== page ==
Wouldn't the numbers for the soviet/russian launchers be larger if we calculated what they could do if launched from the equator? To me that seems the only fair way to compare launchers - on a level playing field.

Bob B.
2006-Sep-16, 07:13 PM
Do you know how much a Proton costs per launch?
The following is from Jane's Space Directory, 12th edition, 1996-97. It is old data but at least it's something to start with:

$56 million quoted in 1992 for dedicated launch. About $40 million quoted Oct-1994, with R14-15 billion for internal flights. Quoted 1989: $35 million for dedicated GEO ($28 million GTO), $12 million dual launch, $8 million triple.

Bob B.
2006-Sep-16, 07:23 PM
Wouldn't the numbers for the soviet/russian launchers be larger if we calculated what they could do if launched from the equator? To me that seems the only fair way to compare launchers - on a level playing field.
Yes; the Russians suffer a penalty by launching from far northern sites. However, any performance quoted for ISS missions (51.6-deg inclination) should be comparable to Russian launchers. Performance is more a function of orbit inclination than latitude of the launch site. The Russian problem is they can't launch into low inclination orbits from their northern sites.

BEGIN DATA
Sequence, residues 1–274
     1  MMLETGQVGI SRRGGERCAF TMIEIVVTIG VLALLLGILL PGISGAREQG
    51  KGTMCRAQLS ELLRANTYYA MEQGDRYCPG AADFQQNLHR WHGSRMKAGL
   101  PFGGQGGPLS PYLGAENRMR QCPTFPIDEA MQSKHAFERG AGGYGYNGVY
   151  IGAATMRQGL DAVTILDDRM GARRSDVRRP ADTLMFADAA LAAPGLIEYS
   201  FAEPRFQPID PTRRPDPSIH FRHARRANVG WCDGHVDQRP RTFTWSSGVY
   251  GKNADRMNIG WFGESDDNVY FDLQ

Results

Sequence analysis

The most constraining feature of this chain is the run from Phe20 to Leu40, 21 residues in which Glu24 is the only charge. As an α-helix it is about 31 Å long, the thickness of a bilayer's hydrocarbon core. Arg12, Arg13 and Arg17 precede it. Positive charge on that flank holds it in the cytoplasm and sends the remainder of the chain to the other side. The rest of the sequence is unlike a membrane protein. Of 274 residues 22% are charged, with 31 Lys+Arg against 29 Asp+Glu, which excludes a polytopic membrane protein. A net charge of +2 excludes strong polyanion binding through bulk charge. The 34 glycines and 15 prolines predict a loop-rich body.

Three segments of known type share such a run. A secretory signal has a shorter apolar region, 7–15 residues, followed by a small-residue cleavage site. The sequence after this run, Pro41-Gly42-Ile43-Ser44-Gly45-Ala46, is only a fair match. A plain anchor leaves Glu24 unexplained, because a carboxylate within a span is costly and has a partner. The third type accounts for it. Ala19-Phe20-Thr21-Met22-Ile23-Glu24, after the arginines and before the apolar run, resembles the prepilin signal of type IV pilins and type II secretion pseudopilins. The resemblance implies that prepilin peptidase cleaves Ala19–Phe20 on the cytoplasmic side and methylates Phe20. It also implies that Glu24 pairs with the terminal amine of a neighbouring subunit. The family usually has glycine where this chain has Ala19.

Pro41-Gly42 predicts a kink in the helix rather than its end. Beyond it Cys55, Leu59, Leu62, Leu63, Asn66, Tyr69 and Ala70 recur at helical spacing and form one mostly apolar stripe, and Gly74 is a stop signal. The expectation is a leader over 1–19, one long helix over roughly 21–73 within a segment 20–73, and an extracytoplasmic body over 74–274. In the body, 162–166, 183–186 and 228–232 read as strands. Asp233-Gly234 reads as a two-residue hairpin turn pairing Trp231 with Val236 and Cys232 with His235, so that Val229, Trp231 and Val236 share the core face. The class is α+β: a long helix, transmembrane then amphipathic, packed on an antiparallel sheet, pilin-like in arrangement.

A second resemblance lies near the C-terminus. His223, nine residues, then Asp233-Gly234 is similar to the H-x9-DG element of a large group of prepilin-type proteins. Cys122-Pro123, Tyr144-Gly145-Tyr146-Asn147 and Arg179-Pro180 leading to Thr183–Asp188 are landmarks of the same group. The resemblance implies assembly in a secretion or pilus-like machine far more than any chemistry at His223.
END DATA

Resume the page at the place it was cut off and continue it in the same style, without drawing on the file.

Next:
JonClarke
2006-Sep-16, 11:34 PM
The following is from Jane's Space Directory, 12th edition, 1996-97. It is old data but at least it's something to start with:

$56 million quoted in 1992 for dedicated launch. About $40 million quoted Oct-1994, with R14-15 billion for internal flights. Quoted 1989: $35 million for dedicated GEO ($28 million GTO), $12 million dual launch, $8 million triple.

Thanks! So allowing for 5% annual inflation $56 million in 1994 becomes $100 million in 2006.

Jon

Cugel
2006-Sep-16, 11:48 PM
According to this website your estimate is pretty correct Jon:

http://www.spaceandtech.com/spacedata/elvs/proton_specs.shtml

prices ranging from $80 to $105 million.

JonClarke
2006-Sep-17, 05:38 AM
dank u zeer! :)

Maksutov
2006-Sep-17, 11:39 AM
Yes; the Russians suffer a penalty by launching from far northern sites. However, any performance quoted for ISS missions (51.6-deg inclination) should be comparable to Russian launchers. Performance is more a function of orbit inclination than latitude of the launch site. The Russian problem is they can't launch into low inclination orbits from their northern sites.Looks like that penalty is about to be waived off. (http://www.russianspaceweb.com/kourou.html)

publiusr
2006-Dec-22, 06:38 PM
They are getting closer to being done. Launch pad work itself to begin soon.

Launch window
2006-Dec-24, 07:21 AM
Looks like that penalty is about to be waived off. (http://www.russianspaceweb.com/kourou.html)

Soyuz has been a great rocket, Italy is pushing for the lightweight Vega to lift off from Guiana soon
http://www.nasaspaceflight.com/content/?cid=4919